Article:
I smiled at the thought of a few hours of “alone time” as I boarded a plane in Montego Bay, Jamaica.
I had just finished teaching a five-day yoga retreat. Little did I know I was about to experience the profound power of authentic human connection.
As I shifted around to squeeze myself into a middle seat, a woman of Jamaican descent sitting in the window seat offered me a shaky hello.
She nervously told me her seatbelt wasn’t working and confessed, “I’m new at this.” As I leaned over to help, I quickly realized that the seatbelt was not going to buckle around her larger frame.
Attempting to not shame her, I called for the flight attendant who knew what to do before I even opened my mouth. As she handed over an extender, I quickly slipped it into the buckle. “There, this will fix it,” I said.
Rochelle and I quickly became friends. She told me that she had never flown before and that she had a fear of heights.
I calmly explained what to expect during take off. As the plane sped down the runway, we instinctively held hands. As we lifted off the ground, I encouraged her to look out the window to witness her beautiful country from the sky.
Like a child, she giggled at the bumps and squeezed my hand as we climbed through the clouds.
At 30,000 feet, Rochelle told me her story—a single, 39-year old woman, headed to the States not only to visit family but also to meet a man that she had been communicating with on-line for a few years.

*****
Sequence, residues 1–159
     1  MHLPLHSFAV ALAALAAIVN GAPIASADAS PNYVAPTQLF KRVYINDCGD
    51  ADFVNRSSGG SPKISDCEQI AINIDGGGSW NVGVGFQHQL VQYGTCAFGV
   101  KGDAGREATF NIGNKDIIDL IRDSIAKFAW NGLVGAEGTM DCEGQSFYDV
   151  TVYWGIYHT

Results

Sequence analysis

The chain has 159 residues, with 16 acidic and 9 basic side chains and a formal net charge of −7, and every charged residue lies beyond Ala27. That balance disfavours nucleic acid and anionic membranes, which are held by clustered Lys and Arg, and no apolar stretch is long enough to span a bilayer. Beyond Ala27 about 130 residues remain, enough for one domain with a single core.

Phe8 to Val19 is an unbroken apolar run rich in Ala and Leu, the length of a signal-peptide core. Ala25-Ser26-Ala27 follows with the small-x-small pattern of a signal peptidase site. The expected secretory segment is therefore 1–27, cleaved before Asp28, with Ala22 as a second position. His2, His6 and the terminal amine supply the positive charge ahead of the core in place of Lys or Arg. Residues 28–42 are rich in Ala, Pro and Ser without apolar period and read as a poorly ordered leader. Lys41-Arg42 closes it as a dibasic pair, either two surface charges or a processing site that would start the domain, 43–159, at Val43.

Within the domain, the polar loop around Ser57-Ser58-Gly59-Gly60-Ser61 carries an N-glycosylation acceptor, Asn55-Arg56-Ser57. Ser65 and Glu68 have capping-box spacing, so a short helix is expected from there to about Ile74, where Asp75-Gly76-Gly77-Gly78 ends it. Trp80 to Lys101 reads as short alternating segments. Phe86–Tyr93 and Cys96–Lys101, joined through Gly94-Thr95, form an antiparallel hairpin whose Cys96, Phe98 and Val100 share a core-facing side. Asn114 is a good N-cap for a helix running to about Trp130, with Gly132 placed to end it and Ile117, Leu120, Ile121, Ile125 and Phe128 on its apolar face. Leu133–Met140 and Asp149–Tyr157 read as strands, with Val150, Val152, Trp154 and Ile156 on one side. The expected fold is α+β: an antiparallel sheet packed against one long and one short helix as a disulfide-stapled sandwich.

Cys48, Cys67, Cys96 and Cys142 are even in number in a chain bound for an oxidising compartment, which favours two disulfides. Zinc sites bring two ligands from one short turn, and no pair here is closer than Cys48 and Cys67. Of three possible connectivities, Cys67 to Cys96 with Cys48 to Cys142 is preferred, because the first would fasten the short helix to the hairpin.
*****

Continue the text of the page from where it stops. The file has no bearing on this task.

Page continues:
The two had decided to meet in person to see if they were compatible. She hoped they would be.
Rochelle was not only taking her first flight—she was on the journey of her life.
As we descended towards JFK airport in New York City, I showed her my country, my city of origin.
We held hands again during the bumpy landing and high-fived as the plane stopped.
Rochelle and I parted ways at immigration only to serendipitously find each other both searching for our connecting flights.
Once again I took Rochelle’s hand and we journeyed across the busiest airport in the country via moving sidewalks and trains. She marveled at the noise and the crowds.
With some time before departure, we shared more stories over dinner.
Hugging Rochelle one last time, I pointed her to the gate. “You’re a pro now,” I told her, sending her blessings. Smiling, she turned and walked towards a new country and possibly a whole new life.
While boarding the plane in Jamaica, I had looked forward to shutting down and going within for a few hours.
What I experienced, instead, was a priceless jewel—the profound power of authentic human connection—and the joy and aliveness that arises by turning towards each other to share in our fears and dreams.
I’ll take that over solitude any day.
Love elephant and want to go steady?
Author: Cara Bradley
Editor: Ashleigh Hitchcock